about the ratio "saved"
Even though comparing the size of two lossy compressed images is totally meaningless if you do not provide that both have the same viaual quality or at least something like a SNR ratio ...hell, even compressing one using the other as source is totally meaningless.
Anyway, the ratio of 40% sounds not too far off. If you'd took out-of the box h.264 and applied all the tools applicable to still images, you'd probalby end up with a similar figure compared to JPEG, at the same "computed visual quality". No surprise there ... It's almost 20 years since JPEG was born (well also almost 10 since h.264, but still 10 difference...).
Looking at JPEG2000, it also claims around that marging to JPEG. Frankly, i think it performs worse than JPEG at high quality. And while details are somehow better preserved at qualities you really don't want your eyes to suffer through, it looks like shit there. IOW, it is technically a worthy progress and may have some merit at the lowest quality levels, but no thanks.
Now, this web-P ...it's derived from VP-8 .. aren't On2's video codecs based on ..wait.. wavelets, like, um, JPEG 2000? Regardless of whether that is acually true or just a misunderstanding of mine, On2 videos damn well look like having the exacly same crappy degradation performance as wavelet compressed images do. Maybe it is technically not exactly wavelet but its failure mode looks a lot more like typicaly wavelet than typical block-transform. It just doesn't look pleasant.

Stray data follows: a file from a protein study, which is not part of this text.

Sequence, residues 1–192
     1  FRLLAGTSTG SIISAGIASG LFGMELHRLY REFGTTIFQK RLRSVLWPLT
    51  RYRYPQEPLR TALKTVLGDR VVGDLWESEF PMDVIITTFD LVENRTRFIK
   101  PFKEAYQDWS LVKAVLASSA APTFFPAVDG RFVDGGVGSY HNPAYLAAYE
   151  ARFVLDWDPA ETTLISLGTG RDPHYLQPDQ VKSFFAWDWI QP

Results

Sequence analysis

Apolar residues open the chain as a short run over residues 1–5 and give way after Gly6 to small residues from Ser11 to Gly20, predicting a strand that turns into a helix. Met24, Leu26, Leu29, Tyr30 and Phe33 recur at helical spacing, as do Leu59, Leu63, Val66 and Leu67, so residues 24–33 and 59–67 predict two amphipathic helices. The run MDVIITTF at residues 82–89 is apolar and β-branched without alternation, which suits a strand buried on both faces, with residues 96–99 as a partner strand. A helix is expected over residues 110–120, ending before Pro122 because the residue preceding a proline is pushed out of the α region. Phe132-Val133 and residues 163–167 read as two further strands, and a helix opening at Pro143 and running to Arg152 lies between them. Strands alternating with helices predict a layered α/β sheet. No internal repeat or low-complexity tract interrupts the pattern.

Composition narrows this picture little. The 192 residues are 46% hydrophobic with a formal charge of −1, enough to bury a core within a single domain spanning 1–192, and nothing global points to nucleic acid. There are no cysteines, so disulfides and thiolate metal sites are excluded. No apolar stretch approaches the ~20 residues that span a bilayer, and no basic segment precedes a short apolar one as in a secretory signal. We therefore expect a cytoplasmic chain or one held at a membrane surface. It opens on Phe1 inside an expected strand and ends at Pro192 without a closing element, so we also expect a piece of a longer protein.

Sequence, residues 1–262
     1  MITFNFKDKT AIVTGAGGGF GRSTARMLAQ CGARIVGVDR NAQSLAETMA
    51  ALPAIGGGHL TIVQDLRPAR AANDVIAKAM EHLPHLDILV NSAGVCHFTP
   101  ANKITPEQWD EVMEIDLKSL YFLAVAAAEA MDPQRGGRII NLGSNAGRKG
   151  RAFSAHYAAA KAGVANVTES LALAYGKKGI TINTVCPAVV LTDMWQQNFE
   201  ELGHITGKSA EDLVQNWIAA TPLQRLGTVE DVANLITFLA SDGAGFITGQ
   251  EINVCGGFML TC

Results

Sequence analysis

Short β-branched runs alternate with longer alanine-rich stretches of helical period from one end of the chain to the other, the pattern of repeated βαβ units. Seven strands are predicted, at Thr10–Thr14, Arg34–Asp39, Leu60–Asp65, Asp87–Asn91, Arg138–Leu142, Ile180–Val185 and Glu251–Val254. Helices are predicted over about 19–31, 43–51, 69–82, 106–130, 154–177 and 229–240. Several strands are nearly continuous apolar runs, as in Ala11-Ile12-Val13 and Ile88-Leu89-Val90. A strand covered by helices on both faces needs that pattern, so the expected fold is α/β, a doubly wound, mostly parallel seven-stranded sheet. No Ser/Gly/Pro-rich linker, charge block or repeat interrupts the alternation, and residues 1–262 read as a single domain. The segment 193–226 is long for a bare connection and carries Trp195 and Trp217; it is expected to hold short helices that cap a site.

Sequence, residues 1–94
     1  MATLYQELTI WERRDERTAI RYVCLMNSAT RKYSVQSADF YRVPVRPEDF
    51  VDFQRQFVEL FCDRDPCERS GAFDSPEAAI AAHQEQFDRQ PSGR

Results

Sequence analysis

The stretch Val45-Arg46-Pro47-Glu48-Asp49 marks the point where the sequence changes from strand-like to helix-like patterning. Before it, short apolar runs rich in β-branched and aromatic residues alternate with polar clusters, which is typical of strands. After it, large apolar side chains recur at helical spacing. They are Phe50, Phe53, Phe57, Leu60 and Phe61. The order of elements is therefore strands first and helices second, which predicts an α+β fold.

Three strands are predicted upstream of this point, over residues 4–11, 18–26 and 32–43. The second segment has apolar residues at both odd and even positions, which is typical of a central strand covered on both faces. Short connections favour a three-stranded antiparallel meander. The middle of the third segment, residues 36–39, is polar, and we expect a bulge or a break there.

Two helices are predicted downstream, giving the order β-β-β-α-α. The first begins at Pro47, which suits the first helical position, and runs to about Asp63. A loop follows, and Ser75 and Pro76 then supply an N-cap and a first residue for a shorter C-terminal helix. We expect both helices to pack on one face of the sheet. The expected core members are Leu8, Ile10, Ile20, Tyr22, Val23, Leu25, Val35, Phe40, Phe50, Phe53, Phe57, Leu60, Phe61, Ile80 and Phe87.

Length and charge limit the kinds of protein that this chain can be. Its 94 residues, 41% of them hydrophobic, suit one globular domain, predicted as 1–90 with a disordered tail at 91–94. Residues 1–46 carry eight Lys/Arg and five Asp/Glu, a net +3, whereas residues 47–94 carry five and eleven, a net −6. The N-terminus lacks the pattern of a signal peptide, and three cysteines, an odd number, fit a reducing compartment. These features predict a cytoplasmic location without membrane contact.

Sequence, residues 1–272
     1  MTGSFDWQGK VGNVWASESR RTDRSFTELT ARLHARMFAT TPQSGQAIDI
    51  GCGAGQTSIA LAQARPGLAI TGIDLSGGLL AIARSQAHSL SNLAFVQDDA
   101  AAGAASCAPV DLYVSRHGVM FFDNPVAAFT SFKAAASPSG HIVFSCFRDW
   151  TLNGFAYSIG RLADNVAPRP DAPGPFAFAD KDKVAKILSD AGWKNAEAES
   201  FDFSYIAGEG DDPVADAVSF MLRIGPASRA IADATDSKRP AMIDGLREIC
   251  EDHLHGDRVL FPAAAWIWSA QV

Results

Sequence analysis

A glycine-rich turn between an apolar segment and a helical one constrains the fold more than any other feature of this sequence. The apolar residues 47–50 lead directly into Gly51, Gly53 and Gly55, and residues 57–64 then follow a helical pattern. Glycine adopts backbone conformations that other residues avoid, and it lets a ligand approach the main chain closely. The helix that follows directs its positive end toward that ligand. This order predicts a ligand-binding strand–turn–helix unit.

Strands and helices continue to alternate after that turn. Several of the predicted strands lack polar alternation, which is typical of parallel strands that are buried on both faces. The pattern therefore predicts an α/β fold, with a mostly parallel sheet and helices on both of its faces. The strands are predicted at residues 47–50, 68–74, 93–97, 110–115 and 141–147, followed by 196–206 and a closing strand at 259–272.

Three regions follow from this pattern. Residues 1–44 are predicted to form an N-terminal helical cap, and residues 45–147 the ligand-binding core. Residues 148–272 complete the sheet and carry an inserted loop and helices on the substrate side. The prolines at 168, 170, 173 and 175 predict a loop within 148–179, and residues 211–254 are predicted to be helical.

I hope "40%" is just not enough. While h.264 got away with a "50% off MPEG-2" - basically because the industry needed some new video format to sell "HD", i hope google doesn't yet have the power to force this on everyone. I mean, i perfectly recognize JPEG is old and by now world and dog could do "better" compression wise, but just because google says "40%" i don't think it's worth it. After all, JPEG-2000 faceplanted with wavelets; if it wasn't for youtube/flash crap-league videos, nobody would even know how a wavelet-encoded video looks; h.264 isn't wavelet even though the tech "existed" at the time and the next MPEG codec doesn't smell like it were based on wavelets either. To me, hints at "wavelet compression isn't ready for humans to look at".
Sorry for the tirade. I like the wavelet concept technically (eg for computer image analysis like feature recognition), but my eyes don't like waveletted images at all.